Babyfather -who I think you’ll find is a pseudonym for Dean Blunt, often working alongside Arca (though we've been told by Hyperdub this isn't who it is despite the earlier EP being credited to both - legal ed) is clearly in a archly sarcastic state-of-the-nation mood: just look at that sleeve art! “BBF” Hosted By DJ Escrow is the first full-length attributed to the project, and slides slickly around that murky Blunt territory. Includes ‘Meditation’. On Hyperdub.
CD £11.99 HDBCD032
CD on Hyperdub.
Vinyl Double LP £14.49 HDBLP032
2LP on Hyperdub.
We all know now that Babyfather is the project of Dean Blunt. The enfent terrible of underground hip hop/dream pop/whatvs is always shifting and moving on and it’s really hard to predict what he will do next. Early reports that this was a collaboration with Arca were wide of the mark (Arca appears on just three tracks). It is very typical of a Blunt record in that there are moments of musical brilliance, times where you think the whole thing is a prank and a scattershot contrary approach that makes it very hard to enjoy as a whole.
The opening track ‘Stealth Intro’ is infuriating. Blunt stretches a sample “this makes me proud to be British” on so long you want to kill everyone in the near vicinity. It alongside a sweet classical guitar figure he adds in sirens and phones ringing. Finally it segues into ‘Greezebloc’ based around a sped up sample and the first appearance of Blunt’s distinctive voice. One feature of this new work is an increased use of dialogue and effects. A perfect example is ‘Mediation’ previously released on a 10” where a lovely lazy house sample has Blunt’s insouciant vocals and strange violent exchanges.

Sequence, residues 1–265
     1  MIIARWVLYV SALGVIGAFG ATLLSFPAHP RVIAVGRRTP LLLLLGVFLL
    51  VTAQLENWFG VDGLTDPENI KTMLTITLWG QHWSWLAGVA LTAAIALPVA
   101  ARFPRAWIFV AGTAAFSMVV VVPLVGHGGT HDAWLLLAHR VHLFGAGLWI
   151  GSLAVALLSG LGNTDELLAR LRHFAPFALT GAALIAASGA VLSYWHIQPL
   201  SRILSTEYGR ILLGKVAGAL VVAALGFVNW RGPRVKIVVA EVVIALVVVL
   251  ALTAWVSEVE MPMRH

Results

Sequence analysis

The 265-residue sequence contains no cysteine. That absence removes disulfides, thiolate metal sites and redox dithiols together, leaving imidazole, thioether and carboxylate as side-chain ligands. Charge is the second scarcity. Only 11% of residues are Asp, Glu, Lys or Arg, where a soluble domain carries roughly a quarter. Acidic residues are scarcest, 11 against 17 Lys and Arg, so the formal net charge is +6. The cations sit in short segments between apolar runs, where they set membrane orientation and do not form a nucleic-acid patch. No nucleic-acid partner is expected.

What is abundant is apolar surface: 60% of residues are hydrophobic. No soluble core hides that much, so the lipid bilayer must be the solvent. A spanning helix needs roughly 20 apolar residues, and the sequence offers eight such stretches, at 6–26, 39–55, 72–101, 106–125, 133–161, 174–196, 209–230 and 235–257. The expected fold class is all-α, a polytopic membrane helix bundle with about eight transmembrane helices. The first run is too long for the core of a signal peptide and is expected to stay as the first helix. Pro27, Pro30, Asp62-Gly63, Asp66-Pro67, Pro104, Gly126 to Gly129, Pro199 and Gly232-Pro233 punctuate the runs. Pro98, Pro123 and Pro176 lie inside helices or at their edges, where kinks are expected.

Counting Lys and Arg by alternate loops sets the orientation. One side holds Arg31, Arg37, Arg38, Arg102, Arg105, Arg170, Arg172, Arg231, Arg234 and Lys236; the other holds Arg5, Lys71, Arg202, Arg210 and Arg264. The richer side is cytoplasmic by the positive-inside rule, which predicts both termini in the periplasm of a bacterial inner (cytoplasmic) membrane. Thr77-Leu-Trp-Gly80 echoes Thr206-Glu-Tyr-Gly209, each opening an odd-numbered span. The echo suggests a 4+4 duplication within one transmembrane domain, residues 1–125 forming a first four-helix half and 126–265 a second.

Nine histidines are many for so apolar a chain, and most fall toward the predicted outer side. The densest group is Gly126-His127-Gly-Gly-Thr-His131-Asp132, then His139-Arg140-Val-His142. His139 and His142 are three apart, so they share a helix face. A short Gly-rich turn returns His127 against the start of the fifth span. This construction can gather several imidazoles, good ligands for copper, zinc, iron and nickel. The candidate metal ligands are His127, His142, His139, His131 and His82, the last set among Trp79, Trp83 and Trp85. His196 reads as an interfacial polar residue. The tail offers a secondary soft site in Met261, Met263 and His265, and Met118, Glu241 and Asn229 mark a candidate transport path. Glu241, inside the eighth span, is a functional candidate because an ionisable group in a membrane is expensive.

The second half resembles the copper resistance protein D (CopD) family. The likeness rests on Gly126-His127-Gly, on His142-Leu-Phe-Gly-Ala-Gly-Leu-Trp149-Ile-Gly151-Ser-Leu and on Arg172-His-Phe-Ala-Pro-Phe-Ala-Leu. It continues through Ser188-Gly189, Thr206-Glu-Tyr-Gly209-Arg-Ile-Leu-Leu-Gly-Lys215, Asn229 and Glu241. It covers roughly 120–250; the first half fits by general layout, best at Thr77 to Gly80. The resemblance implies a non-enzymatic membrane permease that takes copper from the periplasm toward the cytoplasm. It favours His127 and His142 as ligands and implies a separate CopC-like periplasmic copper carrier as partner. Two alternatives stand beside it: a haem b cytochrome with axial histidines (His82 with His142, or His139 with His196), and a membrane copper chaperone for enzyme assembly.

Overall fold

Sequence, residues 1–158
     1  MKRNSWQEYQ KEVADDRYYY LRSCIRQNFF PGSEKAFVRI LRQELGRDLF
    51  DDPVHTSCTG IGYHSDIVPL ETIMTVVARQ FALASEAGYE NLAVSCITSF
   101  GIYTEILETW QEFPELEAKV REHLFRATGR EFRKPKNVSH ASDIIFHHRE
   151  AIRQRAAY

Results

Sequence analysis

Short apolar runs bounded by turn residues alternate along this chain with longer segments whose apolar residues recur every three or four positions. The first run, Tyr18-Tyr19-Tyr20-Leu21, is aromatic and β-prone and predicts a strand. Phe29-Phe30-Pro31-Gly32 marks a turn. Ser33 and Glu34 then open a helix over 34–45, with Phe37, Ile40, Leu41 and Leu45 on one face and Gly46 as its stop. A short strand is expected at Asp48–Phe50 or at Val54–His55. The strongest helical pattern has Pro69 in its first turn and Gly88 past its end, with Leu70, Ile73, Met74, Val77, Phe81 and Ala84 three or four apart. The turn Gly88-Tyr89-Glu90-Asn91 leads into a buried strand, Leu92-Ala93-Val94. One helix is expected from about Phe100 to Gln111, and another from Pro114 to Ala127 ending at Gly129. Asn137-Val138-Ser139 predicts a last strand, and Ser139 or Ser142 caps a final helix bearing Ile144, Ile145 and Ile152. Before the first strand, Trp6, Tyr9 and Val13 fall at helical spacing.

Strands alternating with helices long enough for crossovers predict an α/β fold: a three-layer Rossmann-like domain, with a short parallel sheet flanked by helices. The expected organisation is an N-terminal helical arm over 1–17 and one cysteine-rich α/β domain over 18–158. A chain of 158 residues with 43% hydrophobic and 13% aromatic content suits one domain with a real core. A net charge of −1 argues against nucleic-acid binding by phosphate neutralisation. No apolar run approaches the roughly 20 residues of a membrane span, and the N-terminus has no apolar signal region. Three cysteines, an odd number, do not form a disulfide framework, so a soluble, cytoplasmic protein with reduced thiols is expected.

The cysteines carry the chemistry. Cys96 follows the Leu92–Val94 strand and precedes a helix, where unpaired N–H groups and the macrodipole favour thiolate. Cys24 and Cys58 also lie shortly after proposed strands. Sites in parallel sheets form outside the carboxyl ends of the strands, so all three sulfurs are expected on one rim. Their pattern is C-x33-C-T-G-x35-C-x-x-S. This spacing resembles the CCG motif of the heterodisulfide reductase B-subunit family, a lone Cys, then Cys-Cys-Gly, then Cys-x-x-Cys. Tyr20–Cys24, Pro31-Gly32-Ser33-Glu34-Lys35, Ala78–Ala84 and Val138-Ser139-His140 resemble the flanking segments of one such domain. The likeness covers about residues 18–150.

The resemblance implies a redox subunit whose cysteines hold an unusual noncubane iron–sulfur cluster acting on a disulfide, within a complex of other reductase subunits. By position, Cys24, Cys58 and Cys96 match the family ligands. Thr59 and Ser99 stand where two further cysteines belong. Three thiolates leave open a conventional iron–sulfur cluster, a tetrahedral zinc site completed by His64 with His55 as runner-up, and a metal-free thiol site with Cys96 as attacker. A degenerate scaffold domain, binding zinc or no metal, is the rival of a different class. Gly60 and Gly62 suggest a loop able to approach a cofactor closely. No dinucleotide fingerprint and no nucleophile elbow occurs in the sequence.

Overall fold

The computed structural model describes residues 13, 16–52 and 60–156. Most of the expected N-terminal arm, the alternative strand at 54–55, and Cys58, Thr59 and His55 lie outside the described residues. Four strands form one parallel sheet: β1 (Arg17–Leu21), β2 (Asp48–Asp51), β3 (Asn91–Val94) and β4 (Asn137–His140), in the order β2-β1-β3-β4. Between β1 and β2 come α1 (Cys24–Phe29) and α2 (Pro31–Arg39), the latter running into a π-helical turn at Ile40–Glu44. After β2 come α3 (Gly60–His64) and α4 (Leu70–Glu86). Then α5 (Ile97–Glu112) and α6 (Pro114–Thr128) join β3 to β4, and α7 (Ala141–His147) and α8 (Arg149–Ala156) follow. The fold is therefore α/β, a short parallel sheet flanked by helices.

This sets the tone for the rest of the LP (which actually goes on forever). I’m not sure how this differs from a Blunt solo LP, his music varies so widely as it is that there’s no real need to differentiate. The blueprint seems to be 3AM head nodding music with Blunt’s distinctive talk/singing on top. There are some brilliantly bleak pieces such as ‘Esco Freestyle’ where over a simple throbbing synth motif Blunt relates a tale of terrible drug induced incident. It’s truly haunting. The spectre of Massive Attack looms over lovely pieces like the Micachu featuring ‘God Hour’ with gorgeous strings over eerie lo-fi trip hop.
For every one of those there's something equally unlistenable, Blunt makes it difficult to find the truly transcendent bits but surely solving the puzzle is part of the fun.
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